One of my all-time favorite books is Stranger in a Strange Land, by Robert Heinlein. In this book there is the concept of a professional "Fair Witness", a person who is trained to observe events and report exactly- and only- what they actually witness. For example, at one point in the book a Fair Witness is asked what color a house is, and she replies "It's white on this side." (emphasis mine) It is then explained that she does not make the assumption that the rest of the house is white. She does not give extrapolation or opinion- only observed fact.
I absolutely fell in love with this concept as a younger person, because it made so much sense to me. It resonated with me, and with the way my brain works. I know that I annoy the hell out of most people with my oft-repeated motto, "Precision of language is important!" but it is. Precision matters.
But most people do not want precision. They want broad, easy strokes. And this can make life very awkward for me, indeed. At times during my childhood it made it downright miserable- other children can be cruel to peers who are different, and using polysyllabic words at a young age certainly marked me as different. But even more than that, certain adults don't know how to deal with children who are as smart- or smarter- than they are, and some of those adults react by attempting to put said children "in their place". The world can be terribly lonely when you are surrounded by peers and "superiors" who are all telling you that the way you're acting- the way you are- is showing off and mean and wrong.
But that's another blog entry entirely.
The point is, I have a history of saying things that alienate people, all because I tend to forget that the average person doesn't care about precision in their day-to-day interactions. They only care that you hit the proper steps of social ritual. And although I've gotten better about it, I still occasionally fail to switch out of logical-Vulcan mode.
I failed today.
A friend of mine asked me,
"Am I a good person?"
And instead of responding like a normal person would, by saying, "Of course you're a good person!" and thereby giving them the reassurance they were searching for, I said, thoughtfully,
"Well, I don't know." I went on to explain that I wasn't sure anyone could ever know whether or not another person was good, that the most I could do was comment on the behaviors I'd observed, and that they seemed like the person in question was probably a good person. But I couldn't know. And while I'm saying these things, my mind is whirling with thoughts like, "What is good? I don't even know that I'm a good person- I'm more likely a neutral person who occasionally does good things," (any time I take those, "What's your Alignment?" quizzes I get "true neutral", if that tells you anything).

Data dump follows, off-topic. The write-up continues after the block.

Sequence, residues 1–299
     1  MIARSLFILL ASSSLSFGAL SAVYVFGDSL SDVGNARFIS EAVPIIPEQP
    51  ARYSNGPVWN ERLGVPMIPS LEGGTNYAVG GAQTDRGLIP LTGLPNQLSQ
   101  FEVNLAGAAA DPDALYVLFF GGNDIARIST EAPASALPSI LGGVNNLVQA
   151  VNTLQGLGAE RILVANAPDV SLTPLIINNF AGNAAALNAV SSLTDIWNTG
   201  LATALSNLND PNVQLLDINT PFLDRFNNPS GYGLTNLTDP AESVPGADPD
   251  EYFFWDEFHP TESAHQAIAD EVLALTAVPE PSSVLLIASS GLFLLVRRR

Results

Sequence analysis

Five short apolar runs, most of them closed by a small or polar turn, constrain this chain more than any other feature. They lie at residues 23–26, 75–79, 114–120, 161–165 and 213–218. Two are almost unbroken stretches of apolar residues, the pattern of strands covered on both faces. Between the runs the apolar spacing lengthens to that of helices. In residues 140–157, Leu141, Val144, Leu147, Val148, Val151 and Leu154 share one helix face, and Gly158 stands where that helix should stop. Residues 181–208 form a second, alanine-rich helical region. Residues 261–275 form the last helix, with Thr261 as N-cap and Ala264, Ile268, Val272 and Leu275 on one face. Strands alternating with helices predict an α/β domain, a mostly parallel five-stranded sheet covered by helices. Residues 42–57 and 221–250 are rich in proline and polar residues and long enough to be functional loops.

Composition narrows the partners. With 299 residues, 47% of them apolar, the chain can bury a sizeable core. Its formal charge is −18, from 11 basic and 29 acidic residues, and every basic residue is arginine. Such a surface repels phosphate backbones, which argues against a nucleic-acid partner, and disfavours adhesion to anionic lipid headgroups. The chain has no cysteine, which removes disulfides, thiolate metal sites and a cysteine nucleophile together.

And then, suddenly, I realize that my friend is looking at me. Looking at me in that, "You just failed a test of basic social niceties" way. And then they sort of try to brush the whole thing off, but can tell that actually I've really hurt their feelings. And I feel awful, because I absolutely didn't mean to hurt their feelings, and if they had phrased the question just slightly differently, ("Do you think I'm a good person?" or "Am I a bad person?") I could have answered appropriately, but oh no- whatever part of my psyche that cannot let go of literal-ism is flailing around screaming that if I don't know what the definition of something is, I cannot categorize things using said "something".
But then? Then I start to feel angry. Because why the hell do people have to take things personally when they aren't personal? Why do people have to be so sloppy with language? And why can't people just ask for what they actually want, rather than making me have to guess at their stupid normal emotions and react "appropriately"?
But then I realize that I'm just going into defensive mode, myself, getting angry to mask the discomfort of having unintentionally hurt my friend. So I shake it off, apologize, and try to explain myself- but the brusque way they're speaking indicates that they don't really get it. In fact I'm pretty sure they're still thinking that I think they're a jerk.
Oh well. Tomorrow is another day.
(In all fairness, sometimes I'm just plain self-centered/oblivious. It's a pretty major personal failing, and I'm working on it. I've been working on it for over a decade. Theoretically someday I'll get better about it. Hopefully.)